Liability driven investment (LDI) arrangements are legally complex. While they are often tailored to suit the requirements of individual schemes, there are a number of common legal issues which are critical to understanding and managing a number of risks in liability driven investment arrangements.
The Pensions Regulator requires Trustees to put in place the right governance and controls, and understand the risk they carry in their investment strategy.
Segregated LDI mandates and Pooled LDI funds are legally very different creatures. In segregated mandates, the Trustee will become the legal party to all relevant arrangements such as the IMA and all derivatives and repo agreements. In pooled fund arrangements, the Trustee will only have a direct relationship with the relevant fund entity. Non-market risks, such as counterparty credit risk, operational risk, compliance risk, legal risk are common to both – but in segregated mandates, it falls on the Trustee actively to design and shape the arrangement to manage these risks. By contrast, in pooled fund this becomes essentially, a due diligence exercise.
The critical challenge is to understand all of the underlying dynamics and how managing one risk or realising one commercial objective can result in unwanted trade-offs. For example, guarding against counterparty credit risk can raise the risk of a liquidity squeeze. More control for the Trustee can shift liability from the investment manager to other advisers.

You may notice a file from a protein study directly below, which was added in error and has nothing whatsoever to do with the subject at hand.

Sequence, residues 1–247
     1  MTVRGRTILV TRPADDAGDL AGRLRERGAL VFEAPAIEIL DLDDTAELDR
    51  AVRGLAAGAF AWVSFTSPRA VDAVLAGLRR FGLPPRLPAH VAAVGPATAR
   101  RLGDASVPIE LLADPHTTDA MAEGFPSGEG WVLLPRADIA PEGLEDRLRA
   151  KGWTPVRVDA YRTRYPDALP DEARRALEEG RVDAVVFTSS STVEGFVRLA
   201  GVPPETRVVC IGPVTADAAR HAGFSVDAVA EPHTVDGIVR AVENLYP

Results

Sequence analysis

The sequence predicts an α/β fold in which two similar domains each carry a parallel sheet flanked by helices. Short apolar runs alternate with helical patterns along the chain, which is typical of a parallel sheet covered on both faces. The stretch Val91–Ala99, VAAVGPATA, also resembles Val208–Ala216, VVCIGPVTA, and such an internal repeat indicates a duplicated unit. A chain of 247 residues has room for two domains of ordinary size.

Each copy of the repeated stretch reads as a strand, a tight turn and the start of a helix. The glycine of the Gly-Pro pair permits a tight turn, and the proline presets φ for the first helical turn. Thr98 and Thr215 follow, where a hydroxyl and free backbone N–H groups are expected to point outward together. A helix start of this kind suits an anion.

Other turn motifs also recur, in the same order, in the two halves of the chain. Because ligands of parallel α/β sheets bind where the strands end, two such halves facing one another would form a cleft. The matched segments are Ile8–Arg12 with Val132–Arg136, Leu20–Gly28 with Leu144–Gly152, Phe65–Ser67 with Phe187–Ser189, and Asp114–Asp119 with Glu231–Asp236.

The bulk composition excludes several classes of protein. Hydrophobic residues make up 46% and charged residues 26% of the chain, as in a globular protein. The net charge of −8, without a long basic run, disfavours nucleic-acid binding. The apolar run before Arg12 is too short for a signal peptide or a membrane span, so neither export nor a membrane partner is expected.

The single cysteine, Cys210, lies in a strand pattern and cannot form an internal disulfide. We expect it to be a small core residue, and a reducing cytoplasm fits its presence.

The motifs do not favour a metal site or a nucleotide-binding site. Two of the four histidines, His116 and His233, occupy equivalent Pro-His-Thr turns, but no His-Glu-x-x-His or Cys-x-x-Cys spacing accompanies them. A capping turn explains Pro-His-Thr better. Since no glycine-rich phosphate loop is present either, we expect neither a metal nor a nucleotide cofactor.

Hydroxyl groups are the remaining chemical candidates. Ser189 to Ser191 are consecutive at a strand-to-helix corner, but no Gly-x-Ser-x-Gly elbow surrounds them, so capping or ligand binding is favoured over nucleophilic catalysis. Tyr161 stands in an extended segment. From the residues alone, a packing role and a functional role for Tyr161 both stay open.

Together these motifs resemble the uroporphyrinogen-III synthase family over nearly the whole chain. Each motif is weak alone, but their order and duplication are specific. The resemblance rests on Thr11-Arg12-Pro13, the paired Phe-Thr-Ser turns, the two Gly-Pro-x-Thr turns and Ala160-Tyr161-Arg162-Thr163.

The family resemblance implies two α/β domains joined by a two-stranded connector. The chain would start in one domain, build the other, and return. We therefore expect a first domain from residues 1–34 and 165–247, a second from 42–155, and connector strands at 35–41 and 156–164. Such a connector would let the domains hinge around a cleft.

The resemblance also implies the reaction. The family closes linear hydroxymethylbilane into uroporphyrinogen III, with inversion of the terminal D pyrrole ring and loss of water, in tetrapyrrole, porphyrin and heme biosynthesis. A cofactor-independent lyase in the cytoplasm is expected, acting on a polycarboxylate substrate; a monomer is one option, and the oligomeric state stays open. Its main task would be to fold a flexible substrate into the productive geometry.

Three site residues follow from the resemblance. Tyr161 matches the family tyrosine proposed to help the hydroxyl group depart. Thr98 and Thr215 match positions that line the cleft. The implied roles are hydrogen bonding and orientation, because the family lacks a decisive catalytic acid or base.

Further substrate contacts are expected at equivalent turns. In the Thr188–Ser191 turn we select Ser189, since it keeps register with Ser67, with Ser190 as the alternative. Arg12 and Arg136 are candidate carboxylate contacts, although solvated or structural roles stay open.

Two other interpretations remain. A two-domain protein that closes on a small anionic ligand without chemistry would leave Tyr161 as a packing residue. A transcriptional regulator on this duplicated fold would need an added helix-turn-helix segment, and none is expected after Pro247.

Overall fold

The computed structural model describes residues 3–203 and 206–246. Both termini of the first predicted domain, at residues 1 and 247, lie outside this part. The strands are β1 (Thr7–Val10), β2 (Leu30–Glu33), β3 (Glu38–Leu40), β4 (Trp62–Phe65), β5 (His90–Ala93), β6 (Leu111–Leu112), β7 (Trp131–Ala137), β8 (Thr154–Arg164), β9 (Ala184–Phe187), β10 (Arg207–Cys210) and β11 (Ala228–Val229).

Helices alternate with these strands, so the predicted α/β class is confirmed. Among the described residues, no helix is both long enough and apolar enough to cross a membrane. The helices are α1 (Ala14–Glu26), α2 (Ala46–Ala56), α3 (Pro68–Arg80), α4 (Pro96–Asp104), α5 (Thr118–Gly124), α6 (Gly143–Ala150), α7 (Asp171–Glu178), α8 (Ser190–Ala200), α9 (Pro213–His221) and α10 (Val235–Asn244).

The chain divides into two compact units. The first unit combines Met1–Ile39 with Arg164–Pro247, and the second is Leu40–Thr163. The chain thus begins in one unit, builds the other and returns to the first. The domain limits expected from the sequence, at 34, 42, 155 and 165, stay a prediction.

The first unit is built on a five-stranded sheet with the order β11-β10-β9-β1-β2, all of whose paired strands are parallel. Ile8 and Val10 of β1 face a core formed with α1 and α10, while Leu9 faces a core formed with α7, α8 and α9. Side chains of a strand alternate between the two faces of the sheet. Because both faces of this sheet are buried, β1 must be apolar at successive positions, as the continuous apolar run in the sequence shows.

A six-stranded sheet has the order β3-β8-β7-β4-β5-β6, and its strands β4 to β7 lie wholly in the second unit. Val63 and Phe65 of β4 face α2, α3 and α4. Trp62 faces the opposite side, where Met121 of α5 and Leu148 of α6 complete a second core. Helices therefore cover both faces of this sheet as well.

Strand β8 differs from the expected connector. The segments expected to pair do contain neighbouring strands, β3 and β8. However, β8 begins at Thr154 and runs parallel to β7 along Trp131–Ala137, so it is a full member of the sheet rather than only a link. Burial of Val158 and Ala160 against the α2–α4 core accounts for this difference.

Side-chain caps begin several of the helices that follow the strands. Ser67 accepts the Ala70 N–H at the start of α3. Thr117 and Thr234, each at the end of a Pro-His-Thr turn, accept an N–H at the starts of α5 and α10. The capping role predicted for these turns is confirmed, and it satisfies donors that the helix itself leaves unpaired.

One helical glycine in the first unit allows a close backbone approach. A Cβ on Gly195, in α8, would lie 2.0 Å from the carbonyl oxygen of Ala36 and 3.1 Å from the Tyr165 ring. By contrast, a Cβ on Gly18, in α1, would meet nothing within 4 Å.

The liability of the Trustee and the ability to recover for losses will depend on how well these dynamics are understood and addressed.
The paper deals with:
- Legal Relationships and Set-up
- Counterparty Credit Risk in LDI Arrangements
- Liquidity Risk
- Compliance Risk - Derivatives Regulation
- Additional considerations for Pension Scheme Trustees
- Contractual terms and recourse
- Engagement terms with third party advisors
- Derivatives / Repos
- Legal Enforceability
- Pooled Funds
Download the full article: Non-market risks in liability driven investment.
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